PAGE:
January 2014 – Issue 1

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And with that said, we’ve defined it all over again. How big is the industry you ask? Here are some of the names you mustn’t exclude:

CAN Capital

OnDeck Capital


RapidAdvance (Now part of the Quicken Loans family)

PayPal ‘s Working Capital Program

American Express’ Merchant Financing Program

As of the moment I’m writing this, there is enough data to suggest that CAN, OnDeck, and Kabbage collectively funded about $1.5 billion in 2013. The other 3 big recognizable brands aren’t even necessarily the next largest. There is an entire landscape of funding providers that put out $50 – $200 million every year without breaking a sweat; Merchant Cash and Capital, Strategic Funding Source, Business Financial Services, and AmeriMerchant to name a few. With more than 100 funding companies in existence today, it’s impossible to measure merchant cash advance funding volume at anything less than $3 billion annually. My calculations seem to be in line with a number offered by Marc Glazer, the CEO of Business Financial Services, in a January 7th Wall Street Journal article. How much is actually outstanding at any given time is another story, but at least we have a starting point, a definition.

It hasn’t done interested investors any good to hear that until now the size of the industry was approximately $1 billion a year with a margin of error of plus or minus a billion. That kind of loose speculation might be acceptable for an industry in its infancy but merchant cash advance transactions originate all the way back to the late 1990s. This business is as old as Google but it’s suddenly on everyone’s radar. Maybe that’s because here we are years after the financial crisis and banks still aren’t lending to small businesses. Non-bank corporations, some of them literally mom & pop-sized are playing the role of bankers. One thing is for certain though, small businesses aren’t going to fund themselves.

Rumors still abound that this financial market is one of suit-wearing cowboys on Wall Street operating in a regulatory abyss. But when you pull away the curtain, you’ll find household brands such as PayPal and American Express.

Even Amazon.com’s relatively young business loan program has a merchant cash advance feel to it. Follow the money upstream in this industry and you’ll encounter Goldman Sachs, Wells Fargo Bank, Google Ventures, Thomvest Ventures, Peter Thiel, and other respected capital players. That’s about as wild as it gets. Even Forbes changed their position albeit after a lifetime had passed. On April 10, 2013, Cheryl Conner published, ‘Money, Money’ – How Alternative Lending Could Increase Your Company’s Revenue in 2013 in which she conceded there was good in this financial service after all.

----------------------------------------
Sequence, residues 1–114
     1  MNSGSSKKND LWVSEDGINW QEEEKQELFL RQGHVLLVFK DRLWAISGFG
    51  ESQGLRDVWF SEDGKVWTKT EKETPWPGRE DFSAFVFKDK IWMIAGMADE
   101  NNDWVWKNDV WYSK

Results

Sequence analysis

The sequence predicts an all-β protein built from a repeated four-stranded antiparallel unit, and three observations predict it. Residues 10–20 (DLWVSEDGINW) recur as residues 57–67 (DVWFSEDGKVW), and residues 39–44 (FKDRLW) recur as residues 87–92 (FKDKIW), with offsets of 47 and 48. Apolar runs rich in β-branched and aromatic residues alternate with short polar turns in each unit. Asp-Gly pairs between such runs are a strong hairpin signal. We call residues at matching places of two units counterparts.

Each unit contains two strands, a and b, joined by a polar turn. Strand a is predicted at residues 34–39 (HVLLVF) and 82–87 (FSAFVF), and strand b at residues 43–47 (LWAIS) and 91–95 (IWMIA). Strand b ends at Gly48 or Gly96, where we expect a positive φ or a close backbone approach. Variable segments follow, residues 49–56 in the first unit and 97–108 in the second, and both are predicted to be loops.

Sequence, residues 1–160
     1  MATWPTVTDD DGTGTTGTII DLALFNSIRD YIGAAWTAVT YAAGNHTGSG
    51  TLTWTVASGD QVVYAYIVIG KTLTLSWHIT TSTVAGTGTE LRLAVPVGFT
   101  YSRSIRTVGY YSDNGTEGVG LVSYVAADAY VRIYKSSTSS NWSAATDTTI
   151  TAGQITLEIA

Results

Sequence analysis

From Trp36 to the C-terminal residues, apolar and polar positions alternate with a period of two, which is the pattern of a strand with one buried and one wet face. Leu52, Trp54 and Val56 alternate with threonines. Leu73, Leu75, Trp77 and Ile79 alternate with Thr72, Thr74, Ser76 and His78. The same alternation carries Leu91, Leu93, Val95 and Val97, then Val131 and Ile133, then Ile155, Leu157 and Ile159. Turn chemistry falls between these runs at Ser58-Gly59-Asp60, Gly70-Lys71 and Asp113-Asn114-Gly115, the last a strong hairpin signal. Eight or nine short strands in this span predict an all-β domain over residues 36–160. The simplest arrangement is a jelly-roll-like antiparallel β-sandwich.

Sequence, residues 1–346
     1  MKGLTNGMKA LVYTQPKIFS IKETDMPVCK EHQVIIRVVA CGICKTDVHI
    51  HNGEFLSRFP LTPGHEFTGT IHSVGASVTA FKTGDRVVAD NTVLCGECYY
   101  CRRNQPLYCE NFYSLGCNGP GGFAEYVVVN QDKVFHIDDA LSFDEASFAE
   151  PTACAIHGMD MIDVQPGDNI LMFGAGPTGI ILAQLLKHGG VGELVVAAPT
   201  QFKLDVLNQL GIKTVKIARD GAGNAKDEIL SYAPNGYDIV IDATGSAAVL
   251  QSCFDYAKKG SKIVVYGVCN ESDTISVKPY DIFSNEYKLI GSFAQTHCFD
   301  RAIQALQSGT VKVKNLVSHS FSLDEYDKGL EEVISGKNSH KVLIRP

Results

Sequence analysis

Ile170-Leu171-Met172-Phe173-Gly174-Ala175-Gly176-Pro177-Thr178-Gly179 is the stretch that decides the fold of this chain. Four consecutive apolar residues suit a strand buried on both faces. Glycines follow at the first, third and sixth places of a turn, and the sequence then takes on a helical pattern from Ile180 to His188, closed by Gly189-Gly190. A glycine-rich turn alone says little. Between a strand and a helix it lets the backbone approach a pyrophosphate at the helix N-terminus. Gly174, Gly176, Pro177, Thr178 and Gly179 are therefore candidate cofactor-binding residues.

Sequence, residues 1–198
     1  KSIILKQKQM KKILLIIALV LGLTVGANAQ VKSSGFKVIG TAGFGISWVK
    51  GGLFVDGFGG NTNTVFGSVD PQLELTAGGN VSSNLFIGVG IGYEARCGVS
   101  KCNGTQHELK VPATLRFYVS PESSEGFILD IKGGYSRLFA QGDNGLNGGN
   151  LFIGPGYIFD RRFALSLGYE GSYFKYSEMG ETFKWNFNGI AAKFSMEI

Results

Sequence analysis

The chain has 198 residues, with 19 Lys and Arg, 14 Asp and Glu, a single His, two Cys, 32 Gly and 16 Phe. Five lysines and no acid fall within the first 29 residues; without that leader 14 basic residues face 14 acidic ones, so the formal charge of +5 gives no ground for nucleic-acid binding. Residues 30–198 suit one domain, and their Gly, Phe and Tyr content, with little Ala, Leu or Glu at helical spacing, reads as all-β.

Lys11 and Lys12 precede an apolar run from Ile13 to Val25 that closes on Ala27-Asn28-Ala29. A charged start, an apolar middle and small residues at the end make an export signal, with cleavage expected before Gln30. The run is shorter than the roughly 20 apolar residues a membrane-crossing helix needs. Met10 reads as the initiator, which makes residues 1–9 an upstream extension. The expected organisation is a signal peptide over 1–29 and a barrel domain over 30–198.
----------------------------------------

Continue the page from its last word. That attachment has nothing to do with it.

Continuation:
Today’s industry looks like a duck but quacks like the next Facebook. Somebody’s eventually going to go public. It’s said that there will be a Lending Club IPO this year, which is relevant because they’re also a non-bank small business lender. If they and other peer-to-peer lenders compete against merchant cash advance companies directly, would it become necessary to include them in industry size estimates? Maybe, maybe not. Without the trademark daily payment, I think it’s fair to say that merchant cash advance and peer-to-peer lending would belong to the same Kingdom but make up different Phyla. Should we count lenders with weekly programs too? Should we count traditional factors?

An ever-expansive scope impairs the ability to make assessments. I think we draw the line at funders that deal in payments daily. It is my belief that weekly funders and monthly funders are exempt from the label of merchant cash advance… for now anyway. I have no doubt we will need to redefine it all over again. Until then…

Daily funders funded at least $3 billion to small businesses in 2013. DF

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